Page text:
Quantifying the Regional Extent and Magnitude of Interbasin Groundwater Flow and Its Role in Climatic Perturbations in Northern New Mexico, USA
Interbasin groundwater flow (IGF) occurs when water that is recharged in one watershed or basin discharges into an adjacent watershed or basin. This contributes additional water and solute mass to the receiving watershed complicating water and solute mass-balance estimates. Additionally, IGF can alter the response time of a watershed in two primary ways, where response time is defined as the amount of time it takes for a watershed to respond to some perturbation that causes a change in recharge. First, changes that occur outside the watershed in the contributing watershed can impact process behavior in the receiving watershed. Secondly, the response time of these external perturbations will be longer than the response time of perturbations that occur solely inside the watershed since the flowpath lengths of IGF are much greater than the flowpaths originating solely inside the watershed, thus an integrated response time arises between the watersheds. Changes in land-use and climate are causing changes in groundwater systems throughout the world, especially with respect to groundwater recharge. Understanding the timing and magnitude of these changes is critically important for future management strategies, sustainability, and adaptation. While progress has been made in identifying IGF in the field, it remains extremely difficult to determine the regional (spatial) extent of IGF. Typically, extensive sampling over a large spatial and temporal scale is required to conclusively determine the extent and magnitude of IGF. Unfortunately, high spatial-resolution datasets are not always available in ungauged or mountainous basins. In this thesis, I examine new methods to determine the extent of IGF, and develop a conceptual model that describes the effect of IGF on watershed response times. First, I present a new methodology using mixing models constrained by inverse geochemical modeling to determine the extent and magnitude of IGF in three watersheds (Canjilon, El Rito, and Vallecitos) draining the Tusas Mountains of northern New Mexico, USA (sites where IGF has been shown to occur). Secondly, I show the construction of a 3D geological model of the Tusas Mountains, which will be used in future work to look at the effects of IGF on watershed response times. Finally, response times are approximated under different IGF conditions to provide a conceptual framework describing the effects of IGF on response time. These results show that IGF can have a dramatic effect on increasing the response time of watersheds, which has important implications moving into the future. I find that the IGF connection from Canjilon to El Rito is large, as supported by previous research. However, the IGF connection from El Rito to Vallecitos is weak to non-existent. The maximum possible IGF contribution from El Rito to Vallecitos occurs during snowmelt when IGF contributes as much as 20% of the solute mass to Vallecitos. During summer and fall months, the IGF contribution to solute mass decreases to less than 5%. Due to the longer flowpath of this IGF connection, the response times along the IGF flowpaths in El Rito and Vallecitos are approximately double the response times of local flowpaths. This means that the amount of IGF that is occurring has a very strong influence on the integrated response time of a given watershed. I end my thesis by presenting a geological model, which will be used in the future to develop a hydrogeological model to more fully answer this question.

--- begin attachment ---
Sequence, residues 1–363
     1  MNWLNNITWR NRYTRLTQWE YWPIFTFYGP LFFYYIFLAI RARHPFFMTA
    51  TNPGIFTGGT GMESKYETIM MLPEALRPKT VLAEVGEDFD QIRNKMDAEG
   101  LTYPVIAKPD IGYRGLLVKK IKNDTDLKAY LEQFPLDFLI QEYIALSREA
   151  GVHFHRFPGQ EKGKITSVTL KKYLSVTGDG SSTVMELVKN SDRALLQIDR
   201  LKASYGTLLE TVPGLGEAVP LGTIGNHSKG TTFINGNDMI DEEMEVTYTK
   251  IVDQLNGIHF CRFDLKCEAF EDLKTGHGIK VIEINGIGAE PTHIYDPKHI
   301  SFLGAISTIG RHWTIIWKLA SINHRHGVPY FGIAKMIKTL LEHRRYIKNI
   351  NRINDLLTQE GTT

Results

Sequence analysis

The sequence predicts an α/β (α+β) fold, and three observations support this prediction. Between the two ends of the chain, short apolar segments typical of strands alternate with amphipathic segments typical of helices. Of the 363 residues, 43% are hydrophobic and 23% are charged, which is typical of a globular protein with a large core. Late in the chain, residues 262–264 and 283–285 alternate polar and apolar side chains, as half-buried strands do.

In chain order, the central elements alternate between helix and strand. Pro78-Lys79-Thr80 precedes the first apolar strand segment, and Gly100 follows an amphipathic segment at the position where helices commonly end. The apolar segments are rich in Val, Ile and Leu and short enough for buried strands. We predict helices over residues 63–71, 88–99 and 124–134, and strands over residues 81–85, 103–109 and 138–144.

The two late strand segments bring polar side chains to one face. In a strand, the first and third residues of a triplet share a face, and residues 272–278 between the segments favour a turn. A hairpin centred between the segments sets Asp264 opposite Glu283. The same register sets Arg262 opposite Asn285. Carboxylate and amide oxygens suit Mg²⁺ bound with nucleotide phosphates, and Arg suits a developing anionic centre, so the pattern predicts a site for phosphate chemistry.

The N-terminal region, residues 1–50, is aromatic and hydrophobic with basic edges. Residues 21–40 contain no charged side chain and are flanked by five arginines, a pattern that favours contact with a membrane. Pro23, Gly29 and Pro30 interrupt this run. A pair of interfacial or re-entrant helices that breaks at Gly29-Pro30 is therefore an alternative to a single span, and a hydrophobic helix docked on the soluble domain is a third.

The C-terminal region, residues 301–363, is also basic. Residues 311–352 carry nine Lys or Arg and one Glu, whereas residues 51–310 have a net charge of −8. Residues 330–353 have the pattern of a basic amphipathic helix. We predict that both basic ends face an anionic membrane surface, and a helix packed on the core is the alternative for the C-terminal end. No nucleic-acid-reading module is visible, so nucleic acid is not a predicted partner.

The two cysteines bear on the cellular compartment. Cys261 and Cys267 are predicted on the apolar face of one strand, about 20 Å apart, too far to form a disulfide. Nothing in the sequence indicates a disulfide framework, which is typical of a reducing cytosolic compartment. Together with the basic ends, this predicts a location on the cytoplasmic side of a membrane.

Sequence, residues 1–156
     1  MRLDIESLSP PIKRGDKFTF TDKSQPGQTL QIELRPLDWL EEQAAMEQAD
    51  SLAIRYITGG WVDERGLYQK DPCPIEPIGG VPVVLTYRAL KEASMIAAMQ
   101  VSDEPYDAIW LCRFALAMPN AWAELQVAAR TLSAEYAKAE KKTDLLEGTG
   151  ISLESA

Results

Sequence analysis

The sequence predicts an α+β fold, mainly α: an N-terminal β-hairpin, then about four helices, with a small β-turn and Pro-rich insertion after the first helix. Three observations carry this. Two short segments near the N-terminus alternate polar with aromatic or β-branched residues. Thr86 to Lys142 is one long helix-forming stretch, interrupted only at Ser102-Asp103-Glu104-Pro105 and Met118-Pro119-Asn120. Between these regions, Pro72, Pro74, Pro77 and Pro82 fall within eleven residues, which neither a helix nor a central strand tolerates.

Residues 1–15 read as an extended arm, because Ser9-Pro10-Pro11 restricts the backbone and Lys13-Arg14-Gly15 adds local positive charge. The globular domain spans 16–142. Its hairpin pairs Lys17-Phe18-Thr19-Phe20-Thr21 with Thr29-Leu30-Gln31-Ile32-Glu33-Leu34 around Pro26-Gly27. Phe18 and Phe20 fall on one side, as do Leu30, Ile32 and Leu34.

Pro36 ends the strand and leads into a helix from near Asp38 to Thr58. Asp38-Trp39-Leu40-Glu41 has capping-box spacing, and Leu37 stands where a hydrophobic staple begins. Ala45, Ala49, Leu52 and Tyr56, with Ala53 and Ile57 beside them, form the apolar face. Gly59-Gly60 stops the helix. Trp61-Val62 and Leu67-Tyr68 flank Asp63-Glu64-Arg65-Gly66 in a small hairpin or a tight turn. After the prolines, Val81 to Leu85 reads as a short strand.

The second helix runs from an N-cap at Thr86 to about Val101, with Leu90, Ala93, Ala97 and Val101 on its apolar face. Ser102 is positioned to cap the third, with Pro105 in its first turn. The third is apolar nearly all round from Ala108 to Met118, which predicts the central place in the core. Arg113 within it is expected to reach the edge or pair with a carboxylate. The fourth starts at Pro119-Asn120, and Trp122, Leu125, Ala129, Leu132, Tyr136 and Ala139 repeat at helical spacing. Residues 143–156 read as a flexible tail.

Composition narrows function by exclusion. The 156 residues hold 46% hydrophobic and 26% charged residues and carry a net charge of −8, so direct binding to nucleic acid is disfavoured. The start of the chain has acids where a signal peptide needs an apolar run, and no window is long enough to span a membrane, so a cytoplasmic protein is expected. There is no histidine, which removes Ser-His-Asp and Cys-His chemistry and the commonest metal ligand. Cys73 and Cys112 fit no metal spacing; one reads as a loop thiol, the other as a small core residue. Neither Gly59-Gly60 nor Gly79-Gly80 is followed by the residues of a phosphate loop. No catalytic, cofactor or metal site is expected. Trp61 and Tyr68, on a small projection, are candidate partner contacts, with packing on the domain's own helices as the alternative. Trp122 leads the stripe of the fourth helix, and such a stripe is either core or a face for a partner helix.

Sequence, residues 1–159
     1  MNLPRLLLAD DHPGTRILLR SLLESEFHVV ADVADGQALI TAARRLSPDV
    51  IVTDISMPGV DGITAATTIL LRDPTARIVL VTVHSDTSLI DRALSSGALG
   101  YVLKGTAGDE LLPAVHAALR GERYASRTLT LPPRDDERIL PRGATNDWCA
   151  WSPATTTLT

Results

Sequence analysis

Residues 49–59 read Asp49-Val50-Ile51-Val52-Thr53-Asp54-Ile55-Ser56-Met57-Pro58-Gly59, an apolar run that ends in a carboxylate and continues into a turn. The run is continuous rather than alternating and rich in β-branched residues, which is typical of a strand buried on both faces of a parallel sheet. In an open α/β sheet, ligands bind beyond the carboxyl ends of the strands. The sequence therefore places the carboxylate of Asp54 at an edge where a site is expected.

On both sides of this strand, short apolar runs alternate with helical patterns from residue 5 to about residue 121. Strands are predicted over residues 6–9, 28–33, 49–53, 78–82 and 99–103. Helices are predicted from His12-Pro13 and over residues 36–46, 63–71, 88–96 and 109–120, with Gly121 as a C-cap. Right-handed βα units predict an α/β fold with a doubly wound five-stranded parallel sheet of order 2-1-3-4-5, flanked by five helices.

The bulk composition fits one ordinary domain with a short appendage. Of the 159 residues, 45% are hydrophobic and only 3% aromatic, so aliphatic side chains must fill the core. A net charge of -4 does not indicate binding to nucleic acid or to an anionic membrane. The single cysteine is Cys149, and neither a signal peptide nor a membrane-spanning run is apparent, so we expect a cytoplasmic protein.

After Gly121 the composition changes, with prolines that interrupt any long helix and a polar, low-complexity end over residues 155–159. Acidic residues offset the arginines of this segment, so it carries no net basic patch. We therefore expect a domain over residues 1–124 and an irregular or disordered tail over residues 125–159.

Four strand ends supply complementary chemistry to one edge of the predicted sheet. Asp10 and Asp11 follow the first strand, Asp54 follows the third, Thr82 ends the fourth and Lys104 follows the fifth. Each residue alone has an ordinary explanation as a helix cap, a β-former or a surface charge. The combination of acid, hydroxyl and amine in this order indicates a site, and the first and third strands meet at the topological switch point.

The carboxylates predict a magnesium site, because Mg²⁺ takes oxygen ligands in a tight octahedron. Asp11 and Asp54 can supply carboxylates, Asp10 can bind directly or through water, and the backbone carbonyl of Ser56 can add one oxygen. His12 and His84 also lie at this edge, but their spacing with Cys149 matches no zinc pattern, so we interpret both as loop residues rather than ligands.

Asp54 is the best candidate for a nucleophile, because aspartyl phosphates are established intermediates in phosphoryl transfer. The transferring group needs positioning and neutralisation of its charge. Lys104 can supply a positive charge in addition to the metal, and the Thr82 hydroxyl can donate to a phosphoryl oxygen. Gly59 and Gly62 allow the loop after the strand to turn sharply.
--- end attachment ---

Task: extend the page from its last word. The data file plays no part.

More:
Frisbee, Purdue University.
Hydrologic sciences|Atmospheric sciences
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